It is with a heavy heart that the last swing of the last ship (Fugro Equator) through the MH370 priority search area of the southern Indian Ocean is reported today.
Despite the best efforts of the Australian managed search, the sunk heavy wreckage of the missing Malaysia Airlines Boeing 777-200ER hasn’t been located.
As exhaustively reported earlier, there are grounds for suspecting that this wreckage may lie somewhat to the north or NE of the designated search area.
It now looks as though the examination of the final areas of uncertainty within the 120,000 square kilometres priority zone will have been ‘cleared’ early in the New Year, although the weather can still frustrate such estimates.
These are the key parts of this week’s search update.
Key developments this week
- Fugro Equator arrived at Fremantle on Monday, 12 December 2016, to conduct a routine re-supply. The vessel departed on the same day for the search area to continue using the Autonomous Underwater Vehicle (AUV). This is to be the vessel’s final swing in the search area.
- On Wednesday, 7 December 2016, Dong Hai Jiu 101 arrived in Fremantle to demobilise the Phoenix Remora III Remotely Operated Vehicle (ROV). The vessel departed from Fremantle on Saturday, 10 December, to return to Shanghai.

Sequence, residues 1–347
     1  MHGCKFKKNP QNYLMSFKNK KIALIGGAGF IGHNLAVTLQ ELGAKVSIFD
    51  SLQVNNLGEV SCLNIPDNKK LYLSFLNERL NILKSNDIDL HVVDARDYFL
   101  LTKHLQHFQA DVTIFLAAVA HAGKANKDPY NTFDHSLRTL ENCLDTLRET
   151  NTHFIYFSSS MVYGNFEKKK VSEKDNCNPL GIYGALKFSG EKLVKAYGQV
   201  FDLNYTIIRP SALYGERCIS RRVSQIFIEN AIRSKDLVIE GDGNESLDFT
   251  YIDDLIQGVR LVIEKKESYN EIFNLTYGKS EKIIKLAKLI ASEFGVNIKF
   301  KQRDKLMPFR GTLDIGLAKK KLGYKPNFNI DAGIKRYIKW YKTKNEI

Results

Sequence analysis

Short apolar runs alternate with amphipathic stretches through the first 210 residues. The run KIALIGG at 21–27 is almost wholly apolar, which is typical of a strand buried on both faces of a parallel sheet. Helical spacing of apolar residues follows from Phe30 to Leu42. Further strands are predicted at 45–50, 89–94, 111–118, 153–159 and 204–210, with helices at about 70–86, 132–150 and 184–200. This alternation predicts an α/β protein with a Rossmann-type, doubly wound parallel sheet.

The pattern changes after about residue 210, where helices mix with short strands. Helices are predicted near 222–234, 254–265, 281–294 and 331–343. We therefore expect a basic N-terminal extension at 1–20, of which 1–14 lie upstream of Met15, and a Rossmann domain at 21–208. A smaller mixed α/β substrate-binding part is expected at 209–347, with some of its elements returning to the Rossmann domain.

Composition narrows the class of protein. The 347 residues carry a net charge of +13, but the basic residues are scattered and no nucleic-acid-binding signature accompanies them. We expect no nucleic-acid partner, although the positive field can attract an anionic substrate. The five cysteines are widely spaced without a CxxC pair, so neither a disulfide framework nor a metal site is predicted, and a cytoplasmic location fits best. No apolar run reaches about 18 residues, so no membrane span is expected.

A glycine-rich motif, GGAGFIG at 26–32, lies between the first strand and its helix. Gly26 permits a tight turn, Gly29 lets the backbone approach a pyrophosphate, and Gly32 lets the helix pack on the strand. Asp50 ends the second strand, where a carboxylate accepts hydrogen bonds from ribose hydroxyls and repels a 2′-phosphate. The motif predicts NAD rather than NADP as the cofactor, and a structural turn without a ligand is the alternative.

MH370 disappeared as a transponder identified flight over the Gulf of Thailand on March 8, 2014, on its way from Kuala Lumpur to Beijing with 239 people on board.
So many questions remain unanswered. So many possibilities arise.
It could be that the pieces of the jet lie embedded or covered in deep or fine layers of silt.
It could be that the main debris field begins a metre from the start or finish of one of the sonar scanning runs that have ‘mowed’ the sea floor, up the slopes of mud volcanoes, down the sides of sinuous chasms, and across the crumpled, wrinkled wastes of a seascape no human eye has ever seen, nor could without advanced technological assistance.
All or some of the different elements of various speculations as to the causes of MH370’s disappearance and the source point for the bits of identified wreckage that have washed ashore on Indian Ocean islands and African coasts may have played a part.
No-one knows, although the strong suspicion remains that not everything that authorities knew about MH370 and the circumstances that arose before and during its flight to oblivion have been disclosed.
The disappearance of MH370 is if anything more mysterious at this moment than it was the night it vanished.